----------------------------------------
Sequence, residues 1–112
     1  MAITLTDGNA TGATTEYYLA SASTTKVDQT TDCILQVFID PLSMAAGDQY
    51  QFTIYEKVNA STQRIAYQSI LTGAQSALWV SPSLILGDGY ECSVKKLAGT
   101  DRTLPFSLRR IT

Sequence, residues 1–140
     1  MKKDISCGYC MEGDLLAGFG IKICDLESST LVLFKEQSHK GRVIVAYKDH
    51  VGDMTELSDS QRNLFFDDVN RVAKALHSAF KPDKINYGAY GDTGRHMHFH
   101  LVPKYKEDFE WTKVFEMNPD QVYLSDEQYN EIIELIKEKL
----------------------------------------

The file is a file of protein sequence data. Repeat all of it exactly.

Sequence, residues 1–112
     1  MAITLTDGNA TGATTEYYLA SASTTKVDQT TDCILQVFID PLSMAAGDQY
    51  QFTIYEKVNA STQRIAYQSI LTGAQSALWV SPSLILGDGY ECSVKKLAGT
   101  DRTLPFSLRR IT

Sequence, residues 1–140
     1  MKKDISCGYC MEGDLLAGFG IKICDLESST LVLFKEQSHK GRVIVAYKDH
    51  VGDMTELSDS QRNLFFDDVN RVAKALHSAF KPDKINYGAY GDTGRHMHFH
   101  LVPKYKEDFE WTKVFEMNPD QVYLSDEQYN EIIELIKEKL